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Queensland vies for greater student share by “creating disruption”

Queensland educators have been urged to prepare for and contribute to global innovation in the education sector during the International Education and Training Summit on the Gold Coast.

Queensland, AustraliaLeaders from across Australia's international education industry including English Australia and CISA address the closing plenary of TIQ's inaugural International Education and Training Summit. Photo: The PIE News

“Regions can grow and provide initiatives and real opportunities"

The inaugural event was the first iteration of Trade and Investment Queensland’s five-year commitment to elevate the region’s international education industry.

Throughout the one day summit (#IETSummit2017)delegates were reminded of the latest upsets within the education space, such as the emergence of MOOCs, and encouraged to embrace the changing needs and learning styles of students.

“In order to remain competitive, [Queensland] shouldn’t just embrace disruption, we must create it,” trade and investment minister Curtis Pitt told delegates.

Pitt added the state government would continue to support innovation partnerships throughout Queensland, reiterating the commitment to A$25.3m in funding over five years to push the state’s market share of Australia’s international students to 20%.

“In order to remain competitive, [Queensland] shouldn’t just embrace disruption, we must create it”

Former Lonely Planet executive director Gus Balbontin, however, warned delegates success could be a “double-edged sword” in which an over reliance on previously successful methods could prevent providers from seeing new opportunities in the future.

“Momentum can be a monster,” he said. “[It can be] very difficult to shift and change.”

Balbontin said the education sector should take note of the successes and failures of the media sector after digitisation drastically changed reader patterns over the last decade.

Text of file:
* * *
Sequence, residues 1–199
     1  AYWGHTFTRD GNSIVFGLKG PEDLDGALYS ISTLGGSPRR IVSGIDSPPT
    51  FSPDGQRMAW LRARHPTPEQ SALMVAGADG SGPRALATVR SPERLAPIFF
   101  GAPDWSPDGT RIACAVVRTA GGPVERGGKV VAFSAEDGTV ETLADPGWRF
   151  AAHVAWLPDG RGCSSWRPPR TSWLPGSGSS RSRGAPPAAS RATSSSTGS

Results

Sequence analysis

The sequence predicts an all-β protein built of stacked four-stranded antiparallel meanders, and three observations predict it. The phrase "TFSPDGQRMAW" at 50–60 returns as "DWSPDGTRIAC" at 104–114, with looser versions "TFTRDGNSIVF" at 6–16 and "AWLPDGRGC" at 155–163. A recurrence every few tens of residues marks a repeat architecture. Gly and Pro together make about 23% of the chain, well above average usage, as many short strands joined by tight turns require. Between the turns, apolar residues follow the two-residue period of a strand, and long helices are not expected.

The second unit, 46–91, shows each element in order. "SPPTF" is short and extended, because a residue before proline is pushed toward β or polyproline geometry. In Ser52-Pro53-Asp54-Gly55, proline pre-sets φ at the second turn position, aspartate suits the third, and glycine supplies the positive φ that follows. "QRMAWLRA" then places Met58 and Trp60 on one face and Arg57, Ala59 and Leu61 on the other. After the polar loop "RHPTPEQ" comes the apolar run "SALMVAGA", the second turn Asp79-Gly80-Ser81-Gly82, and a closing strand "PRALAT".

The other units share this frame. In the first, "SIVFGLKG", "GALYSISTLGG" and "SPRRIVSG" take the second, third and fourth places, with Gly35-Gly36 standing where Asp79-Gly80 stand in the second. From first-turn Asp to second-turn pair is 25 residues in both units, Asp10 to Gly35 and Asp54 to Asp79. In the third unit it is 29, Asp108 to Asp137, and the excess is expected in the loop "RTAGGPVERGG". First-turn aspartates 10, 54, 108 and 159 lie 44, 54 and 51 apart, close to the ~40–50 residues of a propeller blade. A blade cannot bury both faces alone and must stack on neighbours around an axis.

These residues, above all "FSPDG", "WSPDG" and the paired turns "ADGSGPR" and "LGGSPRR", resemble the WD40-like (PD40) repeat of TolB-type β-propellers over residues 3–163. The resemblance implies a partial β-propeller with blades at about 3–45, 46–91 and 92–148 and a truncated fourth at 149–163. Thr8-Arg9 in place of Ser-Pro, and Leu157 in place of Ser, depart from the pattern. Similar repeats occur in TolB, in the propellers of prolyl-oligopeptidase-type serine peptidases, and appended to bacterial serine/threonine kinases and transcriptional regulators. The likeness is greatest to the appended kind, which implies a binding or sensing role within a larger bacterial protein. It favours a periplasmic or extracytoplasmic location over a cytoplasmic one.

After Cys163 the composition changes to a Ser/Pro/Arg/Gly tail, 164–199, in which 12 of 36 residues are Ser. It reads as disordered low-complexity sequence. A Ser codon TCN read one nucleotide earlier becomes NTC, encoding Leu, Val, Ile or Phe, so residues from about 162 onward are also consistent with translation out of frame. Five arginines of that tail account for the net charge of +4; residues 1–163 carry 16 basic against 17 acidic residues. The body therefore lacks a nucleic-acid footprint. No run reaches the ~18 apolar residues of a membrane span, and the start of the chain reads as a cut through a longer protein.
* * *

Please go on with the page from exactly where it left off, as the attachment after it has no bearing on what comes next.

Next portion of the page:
Student learning patterns, he argued, are also changing and providers must embrace and adapt, rather than use those changes to reinforce traditional teaching methods.

“[Lonely Planet] used our first website to sell books. We tried to solve our problem,” he said, pointing to rival company TripAdvisor which embraced online media and eventually surpassed Lonely Planet’s net worth.

Rob Lawrence, director of Prospect Research and Marketing, challenged delegates to consider opportunities in addition to technology and to shift their focus to building up international education in regional areas.

Queensland hosts over 100,000 international students, representing the third largest destination for international students in Australia behind New South Wales and Victoria, and while it has the highest proportion of students outside of a capital city than other states, over two-thirds still choose Brisbane as their study destination.

“Cities have more choices. More choices can mean more disruption,” Lawrence said, before adding the perceived benefits of popular study cities, such as higher jobs opportunities, could actually present a false dichotomy where demand is not met by level of opportunity.

“Regions can grow and provide initiatives and real opportunities,” he countered.

Delegates also aired their concerns, particularly around providing relevant training for students’ future employment needs.

“Students are looking to update their lives, but we are at a point where we don’t know what they need in the future”

“Students turn up at our doors…. and they are looking to update their lives, but we are at a point where we don’t know what they need in the future,” said Kathleen Newcombe, chief executive of Sarina Russo Group.

Newcombe compared the higher levels of spending on non-accredited courses to accredited courses, saying there was a growing trend towards micro-credentials rather than traditional full-length degrees and qualifications.

“I don’t think [the future of education] is about a stop-start approach. It’s about looking at what’s happening globally, and seeing those amazing things around us. We said Harvard was never going to enter the MOOC space. Now they’re on EdX,” she said.

TAFE Queensland director Janelle Chapman agreed with Newcombe’s comments and said that skills training could provide a vital role in ensuring international students were equipped to meet future needs.

“If we train people with a little kit bag that they change for their own needs across the globe, then we’re meeting the needs of anyone who needs that training,” she said.

The IET Summit was organised by Trade and Investment Queensland as part of Queensland’s IET Strategy 2026. Further summits are expected over the coming years.

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